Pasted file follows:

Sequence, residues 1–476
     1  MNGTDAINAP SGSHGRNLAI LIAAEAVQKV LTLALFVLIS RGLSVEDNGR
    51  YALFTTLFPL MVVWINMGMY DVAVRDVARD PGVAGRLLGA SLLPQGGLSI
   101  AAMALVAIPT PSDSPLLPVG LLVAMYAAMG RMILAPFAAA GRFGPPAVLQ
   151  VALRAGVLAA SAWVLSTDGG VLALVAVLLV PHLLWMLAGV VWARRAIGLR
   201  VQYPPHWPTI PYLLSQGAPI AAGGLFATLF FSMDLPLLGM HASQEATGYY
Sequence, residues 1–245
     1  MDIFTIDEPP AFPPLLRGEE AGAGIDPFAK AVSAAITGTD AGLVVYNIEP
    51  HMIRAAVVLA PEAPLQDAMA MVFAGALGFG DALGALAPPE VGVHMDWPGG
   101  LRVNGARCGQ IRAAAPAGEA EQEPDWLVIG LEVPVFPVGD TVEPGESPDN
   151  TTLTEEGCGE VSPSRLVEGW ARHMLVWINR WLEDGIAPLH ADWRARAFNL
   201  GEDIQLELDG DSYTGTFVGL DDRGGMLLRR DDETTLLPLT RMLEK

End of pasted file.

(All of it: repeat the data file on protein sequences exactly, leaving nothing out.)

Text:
Sequence, residues 1–476
     1  MNGTDAINAP SGSHGRNLAI LIAAEAVQKV LTLALFVLIS RGLSVEDNGR
    51  YALFTTLFPL MVVWINMGMY DVAVRDVARD PGVAGRLLGA SLLPQGGLSI
   101  AAMALVAIPT PSDSPLLPVG LLVAMYAAMG RMILAPFAAA GRFGPPAVLQ
   151  VALRAGVLAA SAWVLSTDGG VLALVAVLLV PHLLWMLAGV VWARRAIGLR
   201  VQYPPHWPTI PYLLSQGAPI AAGGLFATLF FSMDLPLLGM HASQEATGYY
Sequence, residues 1–245
     1  MDIFTIDEPP AFPPLLRGEE AGAGIDPFAK AVSAAITGTD AGLVVYNIEP
    51  HMIRAAVVLA PEAPLQDAMA MVFAGALGFG DALGALAPPE VGVHMDWPGG
   101  LRVNGARCGQ IRAAAPAGEA EQEPDWLVIG LEVPVFPVGD TVEPGESPDN
   151  TTLTEEGCGE VSPSRLVEGW ARHMLVWINR WLEDGIAPLH ADWRARAFNL
   201  GEDIQLELDG DSYTGTFVGL DDRGGMLLRR DDETTLLPLT RMLEK